The capuchinbird or calfbird (Perissocephalus tricolor) is a large passerine bird of the family Cotingidae. It is monotypic within the genus Perissocephalus. It is found in humid forests (up to 1,400 metres (4,600 ft) but mostly below 600 m) in north-eastern South America, almost entirely north of the Amazon River and east of Rio Negro (Colombia, Venezuela, Brazil and The Guianas).

The capuchinbird is a large thick-set suboscine passerine with a relatively heavy bill. Adults weigh between 340 and 420 grams (0.75 and 0.93 lb; 11.99 and 14.82 oz) and are typically around 40 centimetres (15.75 in) long, making it the largest suboscine passerine, apart from the Amazonian and long-wattled umbrellabirds – indeed, females average larger than any female umbrellabird.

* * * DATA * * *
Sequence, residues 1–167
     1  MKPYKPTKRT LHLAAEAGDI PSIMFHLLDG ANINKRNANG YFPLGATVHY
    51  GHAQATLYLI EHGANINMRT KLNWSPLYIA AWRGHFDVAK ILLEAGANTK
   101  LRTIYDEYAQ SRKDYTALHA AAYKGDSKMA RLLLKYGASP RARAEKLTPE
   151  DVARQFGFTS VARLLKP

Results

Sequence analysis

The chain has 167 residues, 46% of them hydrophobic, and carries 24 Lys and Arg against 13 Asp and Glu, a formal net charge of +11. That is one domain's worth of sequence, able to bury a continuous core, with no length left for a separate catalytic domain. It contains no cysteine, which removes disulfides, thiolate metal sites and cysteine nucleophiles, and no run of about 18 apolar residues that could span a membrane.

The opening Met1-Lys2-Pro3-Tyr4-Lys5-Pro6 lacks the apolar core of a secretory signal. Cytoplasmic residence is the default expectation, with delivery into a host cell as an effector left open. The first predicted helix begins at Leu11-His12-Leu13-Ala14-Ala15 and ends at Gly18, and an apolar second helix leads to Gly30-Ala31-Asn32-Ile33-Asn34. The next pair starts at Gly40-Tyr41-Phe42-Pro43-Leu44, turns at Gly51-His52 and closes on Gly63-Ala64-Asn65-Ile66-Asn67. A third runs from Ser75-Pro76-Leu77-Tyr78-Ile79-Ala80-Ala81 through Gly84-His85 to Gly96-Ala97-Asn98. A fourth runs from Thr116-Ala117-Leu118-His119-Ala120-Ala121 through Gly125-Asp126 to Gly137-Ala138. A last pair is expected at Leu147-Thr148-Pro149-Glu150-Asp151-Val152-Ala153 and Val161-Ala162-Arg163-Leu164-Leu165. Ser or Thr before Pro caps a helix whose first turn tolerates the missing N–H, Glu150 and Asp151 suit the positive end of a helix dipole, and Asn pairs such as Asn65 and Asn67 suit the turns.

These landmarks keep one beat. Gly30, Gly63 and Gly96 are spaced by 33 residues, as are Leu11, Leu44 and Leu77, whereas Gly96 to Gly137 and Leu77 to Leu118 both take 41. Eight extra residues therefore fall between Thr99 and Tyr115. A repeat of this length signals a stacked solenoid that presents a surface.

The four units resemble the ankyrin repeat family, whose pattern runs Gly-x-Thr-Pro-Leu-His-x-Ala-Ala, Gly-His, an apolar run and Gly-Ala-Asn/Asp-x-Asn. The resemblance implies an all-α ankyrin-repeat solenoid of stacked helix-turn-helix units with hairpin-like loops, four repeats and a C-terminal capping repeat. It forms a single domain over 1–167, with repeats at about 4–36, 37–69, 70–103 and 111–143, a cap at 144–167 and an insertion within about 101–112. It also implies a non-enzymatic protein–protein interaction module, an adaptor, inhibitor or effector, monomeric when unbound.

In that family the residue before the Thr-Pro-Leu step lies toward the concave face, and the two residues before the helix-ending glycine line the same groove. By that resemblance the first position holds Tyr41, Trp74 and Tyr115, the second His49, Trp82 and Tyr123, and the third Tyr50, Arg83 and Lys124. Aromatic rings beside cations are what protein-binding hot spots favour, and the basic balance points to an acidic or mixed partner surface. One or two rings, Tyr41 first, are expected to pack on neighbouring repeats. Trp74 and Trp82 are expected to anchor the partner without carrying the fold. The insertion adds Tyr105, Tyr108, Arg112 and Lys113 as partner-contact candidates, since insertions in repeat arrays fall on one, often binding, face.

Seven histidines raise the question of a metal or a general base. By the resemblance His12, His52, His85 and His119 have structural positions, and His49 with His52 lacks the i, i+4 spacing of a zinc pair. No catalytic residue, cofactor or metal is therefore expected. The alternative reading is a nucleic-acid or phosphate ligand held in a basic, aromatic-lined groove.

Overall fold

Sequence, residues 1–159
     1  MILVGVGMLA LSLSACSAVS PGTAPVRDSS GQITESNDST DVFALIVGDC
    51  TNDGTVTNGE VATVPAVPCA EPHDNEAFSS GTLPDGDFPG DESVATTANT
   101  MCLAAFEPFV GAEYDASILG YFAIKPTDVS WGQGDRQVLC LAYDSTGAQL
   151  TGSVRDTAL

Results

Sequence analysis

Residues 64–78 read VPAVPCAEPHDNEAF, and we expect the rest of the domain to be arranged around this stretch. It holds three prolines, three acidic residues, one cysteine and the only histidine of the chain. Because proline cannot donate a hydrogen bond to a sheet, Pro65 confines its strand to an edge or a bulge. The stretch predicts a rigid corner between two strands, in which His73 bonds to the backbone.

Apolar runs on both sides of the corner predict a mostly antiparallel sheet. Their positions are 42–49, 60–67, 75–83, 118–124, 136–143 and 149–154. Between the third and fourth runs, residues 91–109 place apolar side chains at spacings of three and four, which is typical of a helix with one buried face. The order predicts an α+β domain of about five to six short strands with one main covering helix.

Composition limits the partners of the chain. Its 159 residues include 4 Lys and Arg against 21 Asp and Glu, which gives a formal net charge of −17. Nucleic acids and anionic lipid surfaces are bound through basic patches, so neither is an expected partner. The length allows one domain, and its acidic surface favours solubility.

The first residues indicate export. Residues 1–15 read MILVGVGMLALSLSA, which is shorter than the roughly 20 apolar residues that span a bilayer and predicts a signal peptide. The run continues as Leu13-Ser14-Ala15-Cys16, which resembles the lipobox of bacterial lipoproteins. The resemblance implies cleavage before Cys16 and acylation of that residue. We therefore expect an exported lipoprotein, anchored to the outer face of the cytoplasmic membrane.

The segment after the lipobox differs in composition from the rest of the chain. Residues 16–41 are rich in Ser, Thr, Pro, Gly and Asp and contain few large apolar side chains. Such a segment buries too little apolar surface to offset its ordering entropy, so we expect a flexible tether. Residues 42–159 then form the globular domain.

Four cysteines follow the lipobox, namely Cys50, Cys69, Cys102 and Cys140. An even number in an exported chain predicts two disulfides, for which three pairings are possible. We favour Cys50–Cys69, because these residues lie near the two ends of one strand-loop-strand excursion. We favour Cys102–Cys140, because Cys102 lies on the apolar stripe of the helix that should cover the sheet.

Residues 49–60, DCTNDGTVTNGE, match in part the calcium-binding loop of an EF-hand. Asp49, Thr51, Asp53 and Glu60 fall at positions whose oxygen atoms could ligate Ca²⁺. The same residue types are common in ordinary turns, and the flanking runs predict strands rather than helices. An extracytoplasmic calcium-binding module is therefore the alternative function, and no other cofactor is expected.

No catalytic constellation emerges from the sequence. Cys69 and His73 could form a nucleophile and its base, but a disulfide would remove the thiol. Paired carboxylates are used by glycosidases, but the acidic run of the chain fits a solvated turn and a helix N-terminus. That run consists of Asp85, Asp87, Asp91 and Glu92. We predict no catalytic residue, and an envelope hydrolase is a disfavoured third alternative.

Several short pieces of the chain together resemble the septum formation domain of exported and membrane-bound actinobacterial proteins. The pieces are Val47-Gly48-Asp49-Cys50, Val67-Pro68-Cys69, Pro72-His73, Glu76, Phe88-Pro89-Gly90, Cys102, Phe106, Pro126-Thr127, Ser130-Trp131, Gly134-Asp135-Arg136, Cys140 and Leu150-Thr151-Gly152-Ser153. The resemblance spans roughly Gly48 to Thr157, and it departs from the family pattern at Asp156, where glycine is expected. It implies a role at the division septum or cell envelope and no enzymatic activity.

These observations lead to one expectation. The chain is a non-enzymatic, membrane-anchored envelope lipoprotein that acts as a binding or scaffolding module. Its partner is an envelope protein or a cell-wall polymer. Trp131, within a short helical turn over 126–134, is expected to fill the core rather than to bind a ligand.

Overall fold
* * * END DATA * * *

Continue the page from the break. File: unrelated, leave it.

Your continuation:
Its plumage is overall rich brown, approaching orange on the belly and undertail coverts, and the remiges and short tail are black. The most distinctive feature is its bare, almost vulture-like head covered in dull blue skin. Juveniles resemble adults, with the exception of some downy feathers on the head. They gather in leks where they “sing”. The “song” is very odd and difficult to describe accurately, although some have compared it to the distant sound of a chainsaw or (as indicated by its alternative name “calfbird”) a cow mooing. They eat mainly fruits and insects.

More Info: